Robinson Johnson Mahayana

Robinson Johnson Mahayana - 98 CHAPTEfi FOUR the other...

Info iconThis preview shows pages 1–9. Sign up to view the full content.

View Full Document Right Arrow Icon
Background image of page 1

Info iconThis preview has intentionally blurred sections. Sign up to view the full version.

View Full DocumentRight Arrow Icon
Background image of page 2
Background image of page 3

Info iconThis preview has intentionally blurred sections. Sign up to view the full version.

View Full DocumentRight Arrow Icon
Background image of page 4
Background image of page 5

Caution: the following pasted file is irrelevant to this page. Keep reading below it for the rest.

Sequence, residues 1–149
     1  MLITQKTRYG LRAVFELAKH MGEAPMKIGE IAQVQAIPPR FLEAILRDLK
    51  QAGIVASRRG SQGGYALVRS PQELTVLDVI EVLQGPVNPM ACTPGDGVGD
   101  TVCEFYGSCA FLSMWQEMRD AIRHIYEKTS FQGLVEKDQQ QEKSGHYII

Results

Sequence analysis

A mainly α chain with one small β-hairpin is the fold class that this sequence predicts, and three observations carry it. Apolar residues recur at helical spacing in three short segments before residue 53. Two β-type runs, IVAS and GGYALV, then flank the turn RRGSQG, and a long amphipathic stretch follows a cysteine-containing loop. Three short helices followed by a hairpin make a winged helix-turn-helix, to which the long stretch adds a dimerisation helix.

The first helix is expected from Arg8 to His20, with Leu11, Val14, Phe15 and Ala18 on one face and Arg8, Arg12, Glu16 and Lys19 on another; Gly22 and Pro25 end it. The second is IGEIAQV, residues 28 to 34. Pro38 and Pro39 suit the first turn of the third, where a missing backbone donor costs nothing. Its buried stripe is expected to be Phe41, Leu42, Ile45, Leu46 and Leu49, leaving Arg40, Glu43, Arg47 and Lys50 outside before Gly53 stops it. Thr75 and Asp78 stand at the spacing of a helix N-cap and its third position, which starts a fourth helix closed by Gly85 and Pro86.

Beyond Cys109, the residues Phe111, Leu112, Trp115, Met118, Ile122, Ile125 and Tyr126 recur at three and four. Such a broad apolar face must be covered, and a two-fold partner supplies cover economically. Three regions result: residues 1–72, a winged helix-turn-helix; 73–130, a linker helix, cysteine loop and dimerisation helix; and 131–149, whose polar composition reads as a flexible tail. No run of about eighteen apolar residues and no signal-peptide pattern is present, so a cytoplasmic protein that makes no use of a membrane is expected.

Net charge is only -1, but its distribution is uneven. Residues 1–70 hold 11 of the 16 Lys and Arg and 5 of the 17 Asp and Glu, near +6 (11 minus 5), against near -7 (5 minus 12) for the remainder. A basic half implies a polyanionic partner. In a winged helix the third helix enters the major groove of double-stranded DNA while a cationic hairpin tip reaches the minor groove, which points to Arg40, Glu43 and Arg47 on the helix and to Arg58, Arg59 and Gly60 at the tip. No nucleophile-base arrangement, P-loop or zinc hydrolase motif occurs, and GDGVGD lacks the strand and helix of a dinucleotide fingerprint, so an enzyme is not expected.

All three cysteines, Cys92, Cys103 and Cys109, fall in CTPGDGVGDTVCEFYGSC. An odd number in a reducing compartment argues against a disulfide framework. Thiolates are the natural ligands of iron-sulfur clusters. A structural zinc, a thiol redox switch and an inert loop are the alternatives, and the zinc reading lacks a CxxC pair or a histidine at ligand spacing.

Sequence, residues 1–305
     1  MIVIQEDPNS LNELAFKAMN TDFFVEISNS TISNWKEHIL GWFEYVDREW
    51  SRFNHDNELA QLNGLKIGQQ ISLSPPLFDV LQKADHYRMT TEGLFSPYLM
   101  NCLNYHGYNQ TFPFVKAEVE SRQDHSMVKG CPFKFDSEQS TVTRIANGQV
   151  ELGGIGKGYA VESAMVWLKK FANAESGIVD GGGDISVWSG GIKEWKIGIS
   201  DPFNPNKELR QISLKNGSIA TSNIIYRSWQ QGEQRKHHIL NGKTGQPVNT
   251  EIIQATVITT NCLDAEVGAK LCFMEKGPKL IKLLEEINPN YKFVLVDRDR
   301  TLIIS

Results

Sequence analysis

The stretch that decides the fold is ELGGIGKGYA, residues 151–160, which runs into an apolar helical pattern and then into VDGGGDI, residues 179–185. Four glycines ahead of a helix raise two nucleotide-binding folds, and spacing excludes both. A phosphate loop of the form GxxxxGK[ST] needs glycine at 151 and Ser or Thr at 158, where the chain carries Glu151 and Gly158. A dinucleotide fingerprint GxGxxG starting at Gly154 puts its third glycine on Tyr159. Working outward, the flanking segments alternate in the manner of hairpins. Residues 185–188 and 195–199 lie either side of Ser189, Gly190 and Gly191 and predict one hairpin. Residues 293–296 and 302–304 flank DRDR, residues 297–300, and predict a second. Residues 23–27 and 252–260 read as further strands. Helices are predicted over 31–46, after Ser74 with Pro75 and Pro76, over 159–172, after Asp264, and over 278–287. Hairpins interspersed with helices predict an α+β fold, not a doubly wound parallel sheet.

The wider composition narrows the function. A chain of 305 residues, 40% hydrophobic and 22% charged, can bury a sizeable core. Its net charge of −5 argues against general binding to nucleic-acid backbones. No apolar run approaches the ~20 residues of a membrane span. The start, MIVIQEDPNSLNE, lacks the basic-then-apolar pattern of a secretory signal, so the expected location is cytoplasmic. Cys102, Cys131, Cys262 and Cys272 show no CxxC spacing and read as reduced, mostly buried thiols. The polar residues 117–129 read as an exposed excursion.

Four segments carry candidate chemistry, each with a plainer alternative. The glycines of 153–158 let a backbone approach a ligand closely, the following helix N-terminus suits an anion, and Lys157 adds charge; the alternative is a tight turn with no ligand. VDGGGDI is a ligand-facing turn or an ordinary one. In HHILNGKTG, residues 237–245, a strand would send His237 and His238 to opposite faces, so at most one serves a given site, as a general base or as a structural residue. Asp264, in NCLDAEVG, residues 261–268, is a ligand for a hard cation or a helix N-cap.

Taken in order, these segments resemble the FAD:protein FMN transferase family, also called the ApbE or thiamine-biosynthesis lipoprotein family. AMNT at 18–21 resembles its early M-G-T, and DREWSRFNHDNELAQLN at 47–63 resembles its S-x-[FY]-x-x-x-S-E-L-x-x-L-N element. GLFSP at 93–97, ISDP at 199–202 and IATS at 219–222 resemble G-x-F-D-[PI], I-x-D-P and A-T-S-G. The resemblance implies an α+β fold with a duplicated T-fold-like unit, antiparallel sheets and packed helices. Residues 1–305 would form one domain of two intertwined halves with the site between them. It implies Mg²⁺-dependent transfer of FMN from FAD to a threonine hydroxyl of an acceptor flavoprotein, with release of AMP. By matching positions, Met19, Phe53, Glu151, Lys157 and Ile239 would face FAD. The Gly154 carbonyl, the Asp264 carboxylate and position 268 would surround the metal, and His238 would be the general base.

Info iconThis preview has intentionally blurred sections. Sign up to view the full version.

View Full DocumentRight Arrow Icon
Background image of page 6
Background image of page 7

Info iconThis preview has intentionally blurred sections. Sign up to view the full version.

View Full DocumentRight Arrow Icon
Background image of page 8
Background image of page 9
This is the end of the preview. Sign up to access the rest of the document.